Does a Bug Out Boat Make Sense for Some Preppers?

Does a Bug Out Boat Make Sense for Some Preppers?

Does a Bug Out Boat Make Sense for Some Preppers?

You obviously do not want to be on a boat or even near any large body of water during hurricanes, heavy rains, or during thunderstorms or when there are high winds. However, there are times when a boat could save your life.

The ideal situation would be that you live near a large body of water and have access to remote islands, islands where you could set up a bug-out-location. You could easily ferry supplies across to your location without raising suspicions if you follow a few simple OPSEC rules. Having a boat docked close by eliminates the need for a vehicle to haul the boat to a launch area.

Keep in mind, however, if you found an island suitable for your needs, others could of as well, and so you have to look ahead and consider how you would defend your location.

What If You Live Inland

Use Google mapping software to locate all bodies of water near your location. There are several options, one being is to keep the boat at home, or two, find a marina and dock your boat there so you simply need to get to the marina during a crisis. If you do not live near the coast then your options are limited, but a large lake can offer some protection from wildfires, civil unrest, and nuclear, chemical, or biological attacks.

Being on a boat gives you access to edible marine life, and freshwater lakes and rivers offer drinking water after filtration and purification.

Navigating up or down rivers can get you away from a disaster area easier than trying to get out of the area using a vehicle in some cases. There are options and many possibilities, but it will take some research and planning to make it work.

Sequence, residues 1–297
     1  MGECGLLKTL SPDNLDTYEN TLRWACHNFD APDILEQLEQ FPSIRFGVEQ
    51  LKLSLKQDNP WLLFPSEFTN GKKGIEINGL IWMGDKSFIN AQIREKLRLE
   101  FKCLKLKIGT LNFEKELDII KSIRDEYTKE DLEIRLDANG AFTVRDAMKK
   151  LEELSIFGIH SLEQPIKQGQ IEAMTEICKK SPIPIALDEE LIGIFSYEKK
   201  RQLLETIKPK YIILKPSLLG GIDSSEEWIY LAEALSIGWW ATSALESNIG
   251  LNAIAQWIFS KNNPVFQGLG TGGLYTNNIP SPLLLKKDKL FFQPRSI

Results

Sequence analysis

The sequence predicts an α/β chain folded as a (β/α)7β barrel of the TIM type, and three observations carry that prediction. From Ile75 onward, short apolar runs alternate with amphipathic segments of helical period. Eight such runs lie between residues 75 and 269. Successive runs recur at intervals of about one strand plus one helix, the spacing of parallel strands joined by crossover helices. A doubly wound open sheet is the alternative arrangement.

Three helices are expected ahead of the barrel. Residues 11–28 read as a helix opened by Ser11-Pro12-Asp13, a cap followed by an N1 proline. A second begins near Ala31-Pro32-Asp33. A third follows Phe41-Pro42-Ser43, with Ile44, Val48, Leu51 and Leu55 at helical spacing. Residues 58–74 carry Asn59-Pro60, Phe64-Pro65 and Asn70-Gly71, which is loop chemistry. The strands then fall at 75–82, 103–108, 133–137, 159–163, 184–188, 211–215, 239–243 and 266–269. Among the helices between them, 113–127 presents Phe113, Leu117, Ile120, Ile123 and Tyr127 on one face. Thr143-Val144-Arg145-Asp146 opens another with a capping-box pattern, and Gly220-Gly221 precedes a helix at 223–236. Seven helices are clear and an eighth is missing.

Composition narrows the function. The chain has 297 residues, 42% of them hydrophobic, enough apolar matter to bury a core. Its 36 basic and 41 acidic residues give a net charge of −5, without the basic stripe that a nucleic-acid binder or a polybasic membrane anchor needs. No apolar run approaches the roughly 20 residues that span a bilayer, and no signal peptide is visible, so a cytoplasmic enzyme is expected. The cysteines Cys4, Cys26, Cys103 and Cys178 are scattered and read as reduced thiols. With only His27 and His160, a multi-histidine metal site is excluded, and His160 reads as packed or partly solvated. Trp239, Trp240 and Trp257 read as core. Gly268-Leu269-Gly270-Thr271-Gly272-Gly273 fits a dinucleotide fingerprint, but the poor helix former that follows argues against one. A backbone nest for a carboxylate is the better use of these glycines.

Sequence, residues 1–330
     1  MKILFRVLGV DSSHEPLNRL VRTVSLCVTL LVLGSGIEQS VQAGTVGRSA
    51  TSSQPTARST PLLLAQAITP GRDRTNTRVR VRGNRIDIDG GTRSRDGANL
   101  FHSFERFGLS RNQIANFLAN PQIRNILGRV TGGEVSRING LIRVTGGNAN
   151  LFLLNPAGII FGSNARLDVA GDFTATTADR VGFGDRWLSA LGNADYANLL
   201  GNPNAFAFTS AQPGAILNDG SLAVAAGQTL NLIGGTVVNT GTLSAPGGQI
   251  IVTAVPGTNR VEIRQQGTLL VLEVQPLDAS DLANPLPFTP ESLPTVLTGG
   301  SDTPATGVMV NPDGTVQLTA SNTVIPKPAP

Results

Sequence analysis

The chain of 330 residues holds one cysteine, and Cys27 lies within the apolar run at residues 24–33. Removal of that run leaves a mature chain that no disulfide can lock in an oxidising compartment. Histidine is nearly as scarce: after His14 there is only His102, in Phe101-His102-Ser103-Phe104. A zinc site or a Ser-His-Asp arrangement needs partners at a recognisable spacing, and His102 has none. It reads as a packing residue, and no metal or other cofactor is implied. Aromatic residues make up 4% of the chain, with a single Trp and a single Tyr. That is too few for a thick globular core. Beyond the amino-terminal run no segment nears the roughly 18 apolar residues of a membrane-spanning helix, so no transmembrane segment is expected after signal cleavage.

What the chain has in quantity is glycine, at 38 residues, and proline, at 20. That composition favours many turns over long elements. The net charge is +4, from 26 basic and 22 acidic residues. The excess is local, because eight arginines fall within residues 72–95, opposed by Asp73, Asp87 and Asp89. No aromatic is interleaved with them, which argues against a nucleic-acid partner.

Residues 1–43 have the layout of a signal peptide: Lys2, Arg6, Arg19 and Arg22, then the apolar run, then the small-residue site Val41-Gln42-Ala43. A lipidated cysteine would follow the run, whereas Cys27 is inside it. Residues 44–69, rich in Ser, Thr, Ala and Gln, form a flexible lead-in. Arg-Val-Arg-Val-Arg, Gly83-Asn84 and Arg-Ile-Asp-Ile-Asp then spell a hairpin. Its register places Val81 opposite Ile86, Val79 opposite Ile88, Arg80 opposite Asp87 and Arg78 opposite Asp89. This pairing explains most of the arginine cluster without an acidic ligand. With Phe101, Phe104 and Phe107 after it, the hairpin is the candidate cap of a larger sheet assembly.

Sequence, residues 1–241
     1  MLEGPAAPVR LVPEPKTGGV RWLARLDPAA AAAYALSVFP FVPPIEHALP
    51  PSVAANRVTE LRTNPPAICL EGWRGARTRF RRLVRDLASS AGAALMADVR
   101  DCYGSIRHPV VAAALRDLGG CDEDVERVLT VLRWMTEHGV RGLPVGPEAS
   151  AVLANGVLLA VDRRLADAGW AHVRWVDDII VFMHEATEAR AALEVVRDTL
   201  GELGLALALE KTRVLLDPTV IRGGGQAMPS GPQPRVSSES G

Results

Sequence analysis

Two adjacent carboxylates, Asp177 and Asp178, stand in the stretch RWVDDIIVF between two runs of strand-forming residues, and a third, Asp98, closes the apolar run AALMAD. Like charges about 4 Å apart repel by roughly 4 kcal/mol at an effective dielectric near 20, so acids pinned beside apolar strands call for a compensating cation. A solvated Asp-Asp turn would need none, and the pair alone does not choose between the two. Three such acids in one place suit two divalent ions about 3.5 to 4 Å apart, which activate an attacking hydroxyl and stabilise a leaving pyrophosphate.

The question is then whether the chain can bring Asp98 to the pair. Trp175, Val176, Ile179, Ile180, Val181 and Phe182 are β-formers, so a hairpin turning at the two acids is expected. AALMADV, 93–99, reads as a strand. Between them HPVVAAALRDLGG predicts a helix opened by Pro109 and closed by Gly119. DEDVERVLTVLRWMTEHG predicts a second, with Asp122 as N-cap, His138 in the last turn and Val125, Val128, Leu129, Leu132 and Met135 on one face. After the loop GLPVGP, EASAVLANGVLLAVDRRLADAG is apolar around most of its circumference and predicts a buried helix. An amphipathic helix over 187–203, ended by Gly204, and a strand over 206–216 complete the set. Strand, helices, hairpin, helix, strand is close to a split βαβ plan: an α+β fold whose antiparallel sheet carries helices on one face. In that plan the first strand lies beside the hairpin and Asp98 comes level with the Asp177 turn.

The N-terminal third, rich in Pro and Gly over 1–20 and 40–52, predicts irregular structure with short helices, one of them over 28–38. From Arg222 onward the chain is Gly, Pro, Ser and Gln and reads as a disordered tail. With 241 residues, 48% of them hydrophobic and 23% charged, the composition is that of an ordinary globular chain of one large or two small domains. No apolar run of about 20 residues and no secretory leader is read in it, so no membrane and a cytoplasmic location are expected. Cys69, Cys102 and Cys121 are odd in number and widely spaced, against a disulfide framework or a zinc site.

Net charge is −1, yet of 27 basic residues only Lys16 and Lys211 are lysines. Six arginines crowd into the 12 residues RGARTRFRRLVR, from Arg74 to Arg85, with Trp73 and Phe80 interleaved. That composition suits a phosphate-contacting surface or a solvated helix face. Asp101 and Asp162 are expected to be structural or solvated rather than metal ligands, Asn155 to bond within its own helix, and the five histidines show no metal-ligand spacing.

The size of the boat dictates your actions. In a crisis, any boat is better than no boat if you are escaping a wildfire or a chemical attack for example. To survive for any period on the water, however, you need a sizable watercraft that has space for survival gear, food, water, fuel, and space for sleeping, cooking, and that the boat offers overhead cover.

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You will need protection from the sun and rain so a simple fishing boat may not be the best option for living on the water for a few days let alone a few weeks.

You may have to access resources on land at times so having too big of a watercraft may eliminate some areas for anchoring. You probably do not want to pull up to any marinas whether they are abandoned or not. Stealth will be important in some cases, so you may have to anchor where the boat is shielded from prying eyes along a shoreline. You need options, so choose your boat carefully.

Simply buying a boat does not give you any experience in navigating on the water. In normal times there are rules and regulations when out on the water, so know what they are before setting out. You need to know high and low tides, reef locations, and what buoys and markers you see on the water mean for example. Again it is not as simple as buying a boat and loading it up with gear.